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CELTIC-L  April 2002

CELTIC-L April 2002

Subject:

Re: Caesar on the Gauls part II

From:

Vyvyan Ogma Wyverne <[log in to unmask]>

Reply-To:

CELTIC-L - The Celtic Culture List.

Date:

Thu, 4 Apr 2002 13:29:59 +0930

Content-Type:

text/plain

Parts/Attachments:

Parts/Attachments

text/plain (74 lines)

----- Original Message -----
From: "Christopher Gwinn" <[log in to unmask]>
To: <[log in to unmask]>
Sent: Wednesday, 3 April 2002 12:30 AM
Subject: Re: Caesar on the Gauls part II


> >Your whole idea of the misunderstanding of Boudica's name by Roman
> >conquerors, however, rests on the assumption that there was virtually no
> >pre-defeat contact at all, as if the Romans, at the time of the Icenian
> >rebellion, had suddenly´and surprisingly invaded a country that they had
> >never even heard of before, which is clearly a wrong assumption.

It would be, but I have not made it.  I am aware of the trade routes of the
past, and the cultural medley that used them.  But I don't think the average
Roman Centurian had a better grasp of Ancient British than say, Christian
missionaries did of the Native Australian languages. Many an influential
American  goes off to do big business with Japan with a phrasebook in one
hand and a one cassette crash course in Japanese in the other.  And vice
versa.

Missionaries of the 19th century who lived and worked with Australian
Aborigines still managed to give what now are shown to be very misleading
and even wrong translations of their accounts of themselves, which were
distorted significantly by racist assumptions that they were childish and
not too bright.  In fact they're as various as far as that goes as any
ethnic group.
Do you believe that the Romans really were any freer from prejudice, or any
more impeccable as students of culture?

In
> >fact, your very theory rests on the rather dubious idea that there were
> >two mostly isolated groups of people, the one "the Romans" and the other
> >"the Celts" which had virtually no contact before the one suddenly
> >decided to conquer and opress the others, which of course is, even from
> >a purely theoretical point of view, a ridiculous assumption, as evident
> >from modern anthropological literature, which clearly shows that there
> >never were such mostly isolated, monolithic blocks of people, but that
> >contact and knowledge of each other existed between all even remotely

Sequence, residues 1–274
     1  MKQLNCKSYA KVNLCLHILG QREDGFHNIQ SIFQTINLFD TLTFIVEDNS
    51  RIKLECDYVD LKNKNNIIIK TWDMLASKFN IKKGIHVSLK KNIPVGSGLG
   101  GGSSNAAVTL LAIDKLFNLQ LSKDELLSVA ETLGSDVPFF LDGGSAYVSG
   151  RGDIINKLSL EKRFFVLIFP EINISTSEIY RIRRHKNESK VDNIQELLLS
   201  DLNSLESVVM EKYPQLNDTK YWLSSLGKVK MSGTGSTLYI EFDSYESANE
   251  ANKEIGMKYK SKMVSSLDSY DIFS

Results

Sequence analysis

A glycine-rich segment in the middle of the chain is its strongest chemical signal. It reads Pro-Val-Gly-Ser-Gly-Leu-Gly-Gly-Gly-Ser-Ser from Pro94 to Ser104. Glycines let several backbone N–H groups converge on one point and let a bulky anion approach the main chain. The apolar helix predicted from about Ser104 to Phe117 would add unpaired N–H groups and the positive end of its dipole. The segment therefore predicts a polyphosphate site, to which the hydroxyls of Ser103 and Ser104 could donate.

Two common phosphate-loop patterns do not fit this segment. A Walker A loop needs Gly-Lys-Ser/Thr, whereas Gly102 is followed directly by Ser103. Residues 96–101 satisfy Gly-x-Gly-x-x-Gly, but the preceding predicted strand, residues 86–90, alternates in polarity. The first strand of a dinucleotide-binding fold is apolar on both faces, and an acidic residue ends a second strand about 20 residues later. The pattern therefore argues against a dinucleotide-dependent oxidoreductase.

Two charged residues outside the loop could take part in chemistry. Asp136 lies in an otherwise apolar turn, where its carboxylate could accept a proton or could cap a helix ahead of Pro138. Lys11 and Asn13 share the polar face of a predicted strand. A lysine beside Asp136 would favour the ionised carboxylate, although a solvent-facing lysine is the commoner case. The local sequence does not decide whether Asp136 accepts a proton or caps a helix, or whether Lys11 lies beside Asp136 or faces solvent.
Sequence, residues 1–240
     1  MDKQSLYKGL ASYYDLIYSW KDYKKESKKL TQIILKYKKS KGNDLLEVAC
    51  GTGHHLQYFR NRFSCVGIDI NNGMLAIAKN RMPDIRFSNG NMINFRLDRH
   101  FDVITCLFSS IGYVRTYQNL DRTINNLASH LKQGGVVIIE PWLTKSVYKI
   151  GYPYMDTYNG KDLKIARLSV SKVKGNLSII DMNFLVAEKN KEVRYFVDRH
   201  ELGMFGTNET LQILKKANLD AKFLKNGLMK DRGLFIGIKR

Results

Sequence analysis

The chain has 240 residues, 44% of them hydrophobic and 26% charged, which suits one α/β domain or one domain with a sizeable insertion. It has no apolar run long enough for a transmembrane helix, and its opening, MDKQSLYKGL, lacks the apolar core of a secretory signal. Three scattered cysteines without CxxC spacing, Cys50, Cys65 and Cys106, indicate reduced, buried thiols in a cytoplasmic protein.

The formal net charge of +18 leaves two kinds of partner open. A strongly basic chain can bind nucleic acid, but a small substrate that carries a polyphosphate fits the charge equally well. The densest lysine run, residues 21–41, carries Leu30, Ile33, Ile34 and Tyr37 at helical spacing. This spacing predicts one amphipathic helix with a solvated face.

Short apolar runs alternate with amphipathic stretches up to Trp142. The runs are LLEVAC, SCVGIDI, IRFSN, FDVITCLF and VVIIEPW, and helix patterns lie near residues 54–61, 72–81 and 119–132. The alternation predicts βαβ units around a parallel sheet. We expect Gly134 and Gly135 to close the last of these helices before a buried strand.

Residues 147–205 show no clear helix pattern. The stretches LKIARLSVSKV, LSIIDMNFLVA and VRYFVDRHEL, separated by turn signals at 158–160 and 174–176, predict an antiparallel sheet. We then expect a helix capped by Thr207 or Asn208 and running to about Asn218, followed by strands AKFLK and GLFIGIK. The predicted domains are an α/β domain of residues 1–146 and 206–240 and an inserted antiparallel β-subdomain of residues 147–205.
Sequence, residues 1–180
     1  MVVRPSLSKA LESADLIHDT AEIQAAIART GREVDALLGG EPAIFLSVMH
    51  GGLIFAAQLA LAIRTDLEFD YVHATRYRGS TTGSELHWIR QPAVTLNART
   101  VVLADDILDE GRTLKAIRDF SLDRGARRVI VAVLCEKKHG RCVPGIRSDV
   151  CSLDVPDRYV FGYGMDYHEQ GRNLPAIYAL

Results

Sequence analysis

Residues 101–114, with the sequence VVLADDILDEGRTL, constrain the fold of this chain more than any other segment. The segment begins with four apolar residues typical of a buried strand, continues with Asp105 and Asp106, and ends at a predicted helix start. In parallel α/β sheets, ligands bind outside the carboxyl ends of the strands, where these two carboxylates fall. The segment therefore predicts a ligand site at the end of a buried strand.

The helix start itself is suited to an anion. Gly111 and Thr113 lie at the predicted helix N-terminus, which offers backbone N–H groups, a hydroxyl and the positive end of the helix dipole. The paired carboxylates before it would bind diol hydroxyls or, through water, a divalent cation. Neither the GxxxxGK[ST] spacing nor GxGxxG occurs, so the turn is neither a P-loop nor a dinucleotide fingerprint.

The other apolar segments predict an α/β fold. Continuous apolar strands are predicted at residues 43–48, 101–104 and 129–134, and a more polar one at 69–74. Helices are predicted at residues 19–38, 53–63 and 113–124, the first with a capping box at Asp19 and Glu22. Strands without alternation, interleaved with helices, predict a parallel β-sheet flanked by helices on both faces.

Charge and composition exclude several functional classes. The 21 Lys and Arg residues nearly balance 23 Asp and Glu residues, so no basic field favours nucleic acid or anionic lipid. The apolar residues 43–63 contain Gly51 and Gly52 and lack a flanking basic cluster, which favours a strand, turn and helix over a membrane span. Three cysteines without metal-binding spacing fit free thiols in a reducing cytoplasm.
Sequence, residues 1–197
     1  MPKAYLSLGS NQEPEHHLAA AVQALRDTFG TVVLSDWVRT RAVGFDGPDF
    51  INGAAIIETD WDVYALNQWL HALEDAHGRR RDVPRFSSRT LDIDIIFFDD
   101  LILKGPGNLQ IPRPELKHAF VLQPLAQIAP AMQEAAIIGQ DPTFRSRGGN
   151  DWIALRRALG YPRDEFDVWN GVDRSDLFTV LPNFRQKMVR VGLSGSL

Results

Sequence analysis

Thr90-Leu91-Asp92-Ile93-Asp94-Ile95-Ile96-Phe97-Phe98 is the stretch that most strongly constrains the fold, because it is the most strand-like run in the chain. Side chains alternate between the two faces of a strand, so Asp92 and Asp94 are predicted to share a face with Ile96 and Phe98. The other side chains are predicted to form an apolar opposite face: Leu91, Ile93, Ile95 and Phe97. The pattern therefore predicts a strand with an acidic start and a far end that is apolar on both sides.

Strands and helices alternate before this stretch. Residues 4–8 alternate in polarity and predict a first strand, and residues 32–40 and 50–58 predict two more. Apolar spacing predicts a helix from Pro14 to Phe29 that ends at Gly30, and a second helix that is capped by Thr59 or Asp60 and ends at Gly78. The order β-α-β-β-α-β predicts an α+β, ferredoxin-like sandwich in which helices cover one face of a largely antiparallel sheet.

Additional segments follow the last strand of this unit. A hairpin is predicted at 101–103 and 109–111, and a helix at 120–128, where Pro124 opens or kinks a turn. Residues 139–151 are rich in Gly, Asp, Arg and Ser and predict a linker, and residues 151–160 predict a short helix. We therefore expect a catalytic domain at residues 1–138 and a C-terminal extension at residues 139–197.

> >neighbouring peoples.

I have not made that assumption.  During times of political upheaval such as
that associated with war, there are always situations in which military
personnel must obtain information from people whose language they do not
speak.

>
> A very good point, Ray - you could even add the fact that a good number of
> Roman troops serving in Britain were actually ethnic Celts from both
> Cisalpine Transalpine Gaul - so it is more than likely that British Celtic
> names were transmitted properly into Latin via the assitance of bilingual
> Romanized Celts. Furthermore, there is some very good evidence that
Tacitus
> himself, despite being a proud Roman citizen, was ethnically Celtic - and
he
> was certainly familiar enough with both Gaulish and Brittonic to have
> remarked that their respective languages were virtually the same.

Yes, and there've always been many free Celts living and working in Rome as
Roman citizens.  But that doesn't fault my hypothesis, that the Roman who
took down Boadicea's details used the Roman alphabet to approximate a
pronunciation which it could not exactly represent, that a system of
spelling which has been devised to serve a Celtic language might more
accurately represent it, and that conjecture based upon such a
representation of it is likely to be less distorted by the incidental Latin
bias.

>
> - Chris Gwinn
>
> _________________________________________________________________
> Chat with friends online, try MSN Messenger: http://messenger.msn.com
>

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